Album DetailsLabel: Bangtown Records
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Recorded in Virginia by George Hodgkiss, "Acoustic Rising" is the third solid project from this duo that has previously given us highly-acclaimed "Acoustic Campaign" and "Cruisin' the 8." Opening with a driving demonstration of Mark Johnson's confident original "clawgrass" banjo style on "Cold Creek March," the set then proceeds through two other chilly numbers, "Cold Frosty Morning" and Dylan's "Girl from the North Country." Their singing and playing about the cold actually covers us with a blanket of warmth.
Ten additional numbers drawn from a very diverse group of songsmiths from Archie Fisher to Archie Webster, David Akemon to David Norris, Mary Chapin Carpenter to Bill Monroe. Emory Lester provides guitar, mandolin, bass, viola on the Celtic ballad "Denbrae," and sings on about a quarter of the offerings. In his two originals, Johnson honors people (a newborn child "Katie Weeks" and his mother "Eileen O'Neill"). Lester chooses a minor key for his own "Wagon Line." There's plenty of vivacious drive, charismatic magnetism, and clean picking that draw us into their music. On a few numbers (e.g. "Wagon Line" or "Timberline"), I would've enjoyed hearing some fiddle, resonator guitar, or vocal harmonies, but the duo's intent here is to present their unadulterated signature sound. Perhaps some more of Emory's viola and instrumental harmony in their arrangements would have fully satisfied my need for a tad more variety. I think Ricky Skaggs even agrees with me when he stated, in his notes about the reflective closer "Eileen O'Neill," that he was "waiting for an irish piper to start playing at any time." I would've settled for viola.
All songs on the 42-minute album include: 1. Cold Creek March, 2. Cold Frosty Morning, 3. Girl From The North Country, 4. Katie Weeks, 5. Ashfields & Brine, 6. Big Sciota, 7. Denbrae, 8. John Wilkes Booth, 9. Down To The River To Pray, 10. Wagon Line, 11. Timberline, 12. Monroe's Hornpipe, 13. Eileen O'Neill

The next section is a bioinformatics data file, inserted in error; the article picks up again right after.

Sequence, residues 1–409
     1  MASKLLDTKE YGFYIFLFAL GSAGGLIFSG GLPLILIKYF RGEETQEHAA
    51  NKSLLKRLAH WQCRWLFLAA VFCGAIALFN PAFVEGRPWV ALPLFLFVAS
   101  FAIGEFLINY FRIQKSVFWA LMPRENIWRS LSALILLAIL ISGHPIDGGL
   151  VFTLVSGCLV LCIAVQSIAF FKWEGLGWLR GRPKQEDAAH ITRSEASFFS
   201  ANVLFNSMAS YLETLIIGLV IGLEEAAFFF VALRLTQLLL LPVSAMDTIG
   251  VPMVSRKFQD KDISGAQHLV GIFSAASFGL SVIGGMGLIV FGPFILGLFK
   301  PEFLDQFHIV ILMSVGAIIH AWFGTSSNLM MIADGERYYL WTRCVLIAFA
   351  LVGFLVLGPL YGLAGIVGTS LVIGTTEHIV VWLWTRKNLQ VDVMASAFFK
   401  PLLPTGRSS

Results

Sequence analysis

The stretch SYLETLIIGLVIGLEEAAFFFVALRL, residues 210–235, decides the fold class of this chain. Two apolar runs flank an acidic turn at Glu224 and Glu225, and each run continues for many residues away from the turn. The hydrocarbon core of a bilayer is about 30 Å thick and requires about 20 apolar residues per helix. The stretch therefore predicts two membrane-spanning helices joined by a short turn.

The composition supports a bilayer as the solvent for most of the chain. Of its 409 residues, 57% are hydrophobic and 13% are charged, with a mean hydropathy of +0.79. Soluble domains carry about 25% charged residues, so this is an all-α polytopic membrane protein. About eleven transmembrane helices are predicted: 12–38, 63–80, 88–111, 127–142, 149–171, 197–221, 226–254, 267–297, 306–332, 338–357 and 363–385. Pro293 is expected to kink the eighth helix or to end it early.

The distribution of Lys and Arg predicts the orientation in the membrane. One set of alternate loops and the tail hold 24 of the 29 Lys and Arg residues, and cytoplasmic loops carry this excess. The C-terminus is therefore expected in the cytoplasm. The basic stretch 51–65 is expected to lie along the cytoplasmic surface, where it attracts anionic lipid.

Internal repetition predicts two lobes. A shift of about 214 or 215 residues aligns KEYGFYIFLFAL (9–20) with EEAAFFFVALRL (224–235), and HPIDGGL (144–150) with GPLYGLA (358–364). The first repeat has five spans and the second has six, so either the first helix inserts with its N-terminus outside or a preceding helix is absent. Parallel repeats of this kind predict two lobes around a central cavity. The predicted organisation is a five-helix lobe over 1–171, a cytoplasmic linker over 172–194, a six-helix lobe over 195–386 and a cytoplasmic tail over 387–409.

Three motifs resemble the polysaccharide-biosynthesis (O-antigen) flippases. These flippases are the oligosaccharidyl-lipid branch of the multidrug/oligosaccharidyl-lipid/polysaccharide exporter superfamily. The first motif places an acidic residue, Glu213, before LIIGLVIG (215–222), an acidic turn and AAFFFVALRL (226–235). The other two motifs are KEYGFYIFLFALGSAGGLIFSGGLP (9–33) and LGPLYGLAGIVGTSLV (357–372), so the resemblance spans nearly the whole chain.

Mark and Emory have been playing together as a duo since 1999. Both artists bring considerable experience to the table. Mark hails from New York but now lives in Florida where he works for the Florida Power Authority. He took up the banjo in 1971 and learned from Jay Unger. He formed a band called "Clawgrass" in 1996. Crossing paths with Larry Rice in Florida, Mark recroded an album with the Rice Brothers at Tony's home. Larry (along with Ricky Skaggs and David Grisman) provide liner notes and comments in the CD jacket. Johnson plays a Deering Custom "Ivanhoe" open-back 5-string banjo which delivers a vigorous sound firmly entrenched in tradition but still very contemporarily creative.
Emory Lester, from Virginia, lived in Canada for five years (1988-1993), won the "Mandolin Player of the Year" award there, before returning home in 1993. His previous bands have covered many genres including bluegrass (Grassworks), new age rock (Earthen Sky), and new acoustic (The Emory Lester Set). His bluegrass experience has been with top names such as Tony Rice, Jerry Douglas, Del McCoury, Eddie Adcock, Bill Emerson, Jimmy Gaudreau, Gary Ferguson and Sally Love.
The proficient musicianship of Mark Johnson and Emory Lester is individually great, and collaboratively phenomenal. While overtracking is certainly a factor to consider, I'm very impressed with any duo that can provide this magnitude of sound, tonality, and vicissitude. I enjoyed the eclectic nature of their repertoire that tips its hat to old-time ("Cold Frosty Morning"), bluegrass ("Monroe's Hornpipe"), Celtic ("Denbrae"), Gospel (a seductively slow solo-banjo instrumental "Down to the River to Pray"), and folksy balladry ("Timberline"). What an accomplishment to be able to capture old-time sensibilities in such a fashionable and 20th Century way! (Joe Ross)